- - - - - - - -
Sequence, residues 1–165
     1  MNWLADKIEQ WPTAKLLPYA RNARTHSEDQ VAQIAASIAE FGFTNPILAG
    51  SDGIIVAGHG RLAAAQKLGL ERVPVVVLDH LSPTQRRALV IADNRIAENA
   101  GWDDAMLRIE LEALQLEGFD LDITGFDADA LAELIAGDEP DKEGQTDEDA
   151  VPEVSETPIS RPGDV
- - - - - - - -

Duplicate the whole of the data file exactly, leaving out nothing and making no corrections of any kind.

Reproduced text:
Sequence, residues 1–165
     1  MNWLADKIEQ WPTAKLLPYA RNARTHSEDQ VAQIAASIAE FGFTNPILAG
    51  SDGIIVAGHG RLAAAQKLGL ERVPVVVLDH LSPTQRRALV IADNRIAENA
   101  GWDDAMLRIE LEALQLEGFD LDITGFDADA LAELIAGDEP DKEGQTDEDA
   151  VPEVSETPIS RPGDV